It’s a significant choice of words, because it suggests a recognition that religious faith cannot be reduced to a purely private or individual affair. Most religious communities conceive of themselves as peoples or families, and the requirements of most faiths extend well beyond attendance at a sabbath service — encompassing charity and activism, education and missionary efforts, and other “exercises” that any guarantee of religious freedom must protect.
Many would say that the religious liberty squabbles of today–the HHS mandate debate and last week’s Chick-fil-A fracas, for example–reflect a contemporary confusion about what is actually protected by the Bill of Rights’ “free exercise of religion.” Instead, Douthat posits that the conflict is a result of a present tension between religious values and the modern idea of freedom. This, Douthat argues, is really at the heart of the religious liberty debate.
The question is not whether “the free exercise of religion” allows the government to mandate contraception purchase or regulate businesses according to their values. The question is whether certain religious beliefs of today run so contradictory to the public zeitgeist that, like 15th century Aztec sacrifice rituals, they violate the common good and cannot merit public protection. Those who answer the latter question with a “yes” should quit the emaciated definitions of religious liberty and move on with the debate:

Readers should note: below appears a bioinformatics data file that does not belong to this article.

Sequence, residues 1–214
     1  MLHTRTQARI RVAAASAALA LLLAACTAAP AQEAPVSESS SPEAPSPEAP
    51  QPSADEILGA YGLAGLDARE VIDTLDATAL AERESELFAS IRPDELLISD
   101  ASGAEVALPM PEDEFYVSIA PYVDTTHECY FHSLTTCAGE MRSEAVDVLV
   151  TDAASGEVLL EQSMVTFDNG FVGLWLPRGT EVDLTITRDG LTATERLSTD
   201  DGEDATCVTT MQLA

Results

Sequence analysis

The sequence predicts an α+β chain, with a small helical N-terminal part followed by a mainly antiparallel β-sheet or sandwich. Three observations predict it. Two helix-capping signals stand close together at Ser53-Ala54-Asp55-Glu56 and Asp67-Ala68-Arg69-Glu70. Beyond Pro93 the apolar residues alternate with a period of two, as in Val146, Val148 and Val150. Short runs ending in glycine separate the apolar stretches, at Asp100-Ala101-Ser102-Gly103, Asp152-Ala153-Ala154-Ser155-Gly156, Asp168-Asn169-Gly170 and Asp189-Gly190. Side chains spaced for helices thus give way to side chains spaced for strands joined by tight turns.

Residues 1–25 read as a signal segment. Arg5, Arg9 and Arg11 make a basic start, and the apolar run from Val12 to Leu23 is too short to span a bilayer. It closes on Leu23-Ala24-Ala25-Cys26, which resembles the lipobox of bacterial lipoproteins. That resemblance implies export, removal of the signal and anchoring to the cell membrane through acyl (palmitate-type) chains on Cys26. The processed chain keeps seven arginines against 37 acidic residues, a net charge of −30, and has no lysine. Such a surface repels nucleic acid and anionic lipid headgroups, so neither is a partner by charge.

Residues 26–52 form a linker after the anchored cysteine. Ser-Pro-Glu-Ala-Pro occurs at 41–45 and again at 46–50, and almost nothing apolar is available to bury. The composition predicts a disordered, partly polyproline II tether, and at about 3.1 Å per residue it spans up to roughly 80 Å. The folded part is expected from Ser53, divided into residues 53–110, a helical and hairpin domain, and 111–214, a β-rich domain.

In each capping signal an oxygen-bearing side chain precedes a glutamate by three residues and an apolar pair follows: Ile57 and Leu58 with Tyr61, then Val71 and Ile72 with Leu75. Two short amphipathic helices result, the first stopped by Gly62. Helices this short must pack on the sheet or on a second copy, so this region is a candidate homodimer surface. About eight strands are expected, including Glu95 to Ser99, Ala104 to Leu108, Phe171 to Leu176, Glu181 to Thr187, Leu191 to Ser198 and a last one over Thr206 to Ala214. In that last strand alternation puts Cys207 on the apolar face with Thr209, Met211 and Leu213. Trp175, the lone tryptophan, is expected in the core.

It may seem strange that anyone could look around the pornography-saturated, fertility-challenged, family-breakdown-plagued West and see a society menaced by a repressive puritanism. But it’s clear that this perspective is widely and sincerely held.
It would be refreshing, though, if it were expressed honestly, without the “of course we respect religious freedom” facade.
If you want to fine Catholic hospitals for following Catholic teaching, or prevent Jewish parents from circumcising their sons, or ban Chick-fil-A in Boston, then don’t tell religious people that you respect our freedoms. Say what you really think: that the exercise of our religion threatens all that’s good and decent, and that you’re going to use the levers of power to bend us to your will.
There, didn’t that feel better? Now we can get on with the fight.